There were no mylar wraps or tables of bagels and bananas at the finish; just a handful of dedicated volunteers, a jug of Gatorade, and someone blowing a train whistle. And plastic medals, leftover from the Race Director’s signature marathon last June for those who wanted one. “Sure!” I said, happily bending over so the volunteer could place the medal over my head. I don’t need any more medals, but I got a kick out of receiving a 2016 marathon medal for finishing a 2017 half marathon. In fact, the race ribbon says “5k” on it.
There are people for whom this kind of race is not worth getting out of bed. I am not one of those people.
“Is there a race up there?” I asked the woman running down the steep, grassy patch cutting the corner on the intersection between Lake Washington Boulevard and Interlaken Boulevard. “Um, yes,” she responded. “You go up and across 24th. You have to cross back over 24th.”
I said, “thank you,” but what I meant was a four letter word, starting with F. I looked at my watch. This race was starting in five minutes, and I couldn’t find the start line.
Just 2.5 miles from my house, the Interlaken Icicle Dash 10k offered a chance to run close to home, on a course with which I was familiar. The road portion of this course is on one of my regular long running routes. It has undulating hills, under a canopy of moss-covered trees. It feels damp and lush all year round. But when I left my house, intending a slow, 2.5 mile jog to the start, I’ll admit I wasn’t exactly sure where the start line was. When I hit 2 miles I thought I’d begin to see parked cars. At 2.5 miles I made the poor decision to keep running straight when I didn’t the race to my right, as I thought I would. At 3 miles, I ran into the woman who pointed me in the right direction — .25 miles up a hill with 6% grade and across a busy street — another .5 miles away and back towards the way I’d just come. F.
The race clock clicked to 2:02 when I finally crossed the start line. I’d arrived at the bib tent with seconds to spare, but by then I had to go to the bathroom so badly it didn’t matter. Unlike larger road races, smaller runs are not chip-timed. Everybody’s clock starts in time with the official race clock. My finish time would reflect this additional 2:02 during which I’d been relieving myself in the porta-potty.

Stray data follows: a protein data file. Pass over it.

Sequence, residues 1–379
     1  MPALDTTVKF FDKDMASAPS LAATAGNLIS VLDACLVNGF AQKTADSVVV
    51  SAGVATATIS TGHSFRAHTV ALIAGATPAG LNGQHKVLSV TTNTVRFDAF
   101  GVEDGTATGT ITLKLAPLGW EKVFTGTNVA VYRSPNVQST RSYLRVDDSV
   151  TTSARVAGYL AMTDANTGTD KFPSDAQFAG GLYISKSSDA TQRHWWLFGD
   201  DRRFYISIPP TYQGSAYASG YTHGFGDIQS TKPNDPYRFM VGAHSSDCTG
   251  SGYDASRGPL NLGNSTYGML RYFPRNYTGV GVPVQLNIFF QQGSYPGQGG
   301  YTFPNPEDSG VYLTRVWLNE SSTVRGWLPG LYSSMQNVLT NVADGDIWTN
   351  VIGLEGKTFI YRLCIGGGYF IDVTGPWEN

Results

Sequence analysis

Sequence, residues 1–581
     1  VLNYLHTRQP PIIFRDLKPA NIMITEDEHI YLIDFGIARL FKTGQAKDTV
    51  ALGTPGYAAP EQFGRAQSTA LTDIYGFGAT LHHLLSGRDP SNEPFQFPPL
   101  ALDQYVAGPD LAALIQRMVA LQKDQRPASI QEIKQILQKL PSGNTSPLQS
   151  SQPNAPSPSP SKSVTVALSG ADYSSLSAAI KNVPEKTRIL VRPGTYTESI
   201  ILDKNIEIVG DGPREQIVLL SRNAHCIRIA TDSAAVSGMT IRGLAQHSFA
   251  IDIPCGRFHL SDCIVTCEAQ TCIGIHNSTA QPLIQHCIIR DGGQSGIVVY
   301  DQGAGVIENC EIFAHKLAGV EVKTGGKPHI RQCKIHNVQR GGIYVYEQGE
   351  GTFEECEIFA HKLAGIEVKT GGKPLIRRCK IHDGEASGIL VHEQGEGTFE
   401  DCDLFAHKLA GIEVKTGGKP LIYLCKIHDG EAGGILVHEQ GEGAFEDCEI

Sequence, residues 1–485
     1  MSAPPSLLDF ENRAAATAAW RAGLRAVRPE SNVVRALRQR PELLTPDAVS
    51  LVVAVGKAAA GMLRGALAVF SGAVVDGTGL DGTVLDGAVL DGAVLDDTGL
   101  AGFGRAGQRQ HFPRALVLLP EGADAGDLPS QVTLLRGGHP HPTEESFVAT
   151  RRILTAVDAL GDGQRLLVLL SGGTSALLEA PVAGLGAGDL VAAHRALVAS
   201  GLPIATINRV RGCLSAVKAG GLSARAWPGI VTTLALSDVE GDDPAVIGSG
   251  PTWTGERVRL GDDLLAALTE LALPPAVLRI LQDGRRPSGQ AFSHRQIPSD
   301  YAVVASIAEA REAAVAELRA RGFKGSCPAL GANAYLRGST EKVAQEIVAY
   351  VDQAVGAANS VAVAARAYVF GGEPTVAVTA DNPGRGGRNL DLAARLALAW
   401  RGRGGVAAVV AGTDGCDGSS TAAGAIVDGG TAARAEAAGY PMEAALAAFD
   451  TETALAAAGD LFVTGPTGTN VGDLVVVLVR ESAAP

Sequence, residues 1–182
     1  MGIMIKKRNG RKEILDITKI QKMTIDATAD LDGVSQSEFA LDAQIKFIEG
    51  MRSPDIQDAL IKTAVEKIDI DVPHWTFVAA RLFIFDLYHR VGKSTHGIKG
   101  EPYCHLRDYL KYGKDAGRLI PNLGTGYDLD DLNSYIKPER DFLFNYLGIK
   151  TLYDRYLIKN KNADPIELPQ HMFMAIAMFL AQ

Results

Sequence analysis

The race, a 5k and 10k, featured multiple, 1.5 mile loops through Interlaken Park in Seattle’s Capitol Hill neighborhood. While the paved portions are wide enough for cars to pass in either direction, the trail portions are narrow, and include stretches of what is known as “single track,” narrow footpaths un-runnable on either side. This means if you get caught behind someone slower than you, it is impossible to go around them. You need to wait until a widening in the trail, or at least a safe spot where they can step off to the side for you to continue through. Golfers yell Fore! when they’ve hit a ball into another path. Trail runners give a friendly yet stern, On your left! In other words, starting a trail race two minutes behind the entire field is not a test of endurance to catch up; it’s a test of patience to go slow.
I was 2.5 miles into my race when I finally reached those at my pace, and continued the race unencumbered.
Given the slow start, and the +2:02 I mentally removed from my official time (oh, and that I ran a half marathon yesterday), I thought my finish wasn’t all that bad. In fact, the official results would show that I finished 20th out of 40 women in the 10k. And had I completed 2:02 faster, I would have been … 20th. (Check out my live finish line report here!)
I made the short, happy jog back to my house.
The Flying Pig. The Heartbreaker Half. The Wattle Waddle. Grandma’s. The Zoom Ya Ya. The Quad Dipsea… Sure, plenty of runners race the “New York City Marathon,” but even more run races with names that have no discernible connection to, well, English sometimes.
The Geoduck Gallop. Pronounced “Gooey Duck,” for the uninitiated. 13.1 miles around the Evergreen State College campus in Olympia, Washington. And home of Speedy, the Geoduck. (Check out my live start line report here!)
Despite this mascot caricature, geoducks look less like adorable snails, and more like radioactive phallic clams. Or something. The Geoduck is the world’s largest burrowing clam (fun fact), and is named after the native Lushootseed tribe’s word for “dig deep,” a feature that made it attractive to administrators when searching for a mascot, according to the Evergreen State website.
It is a symbol of the essence of the college: accessible to all who are willing to dig deep. – Evergreen State College website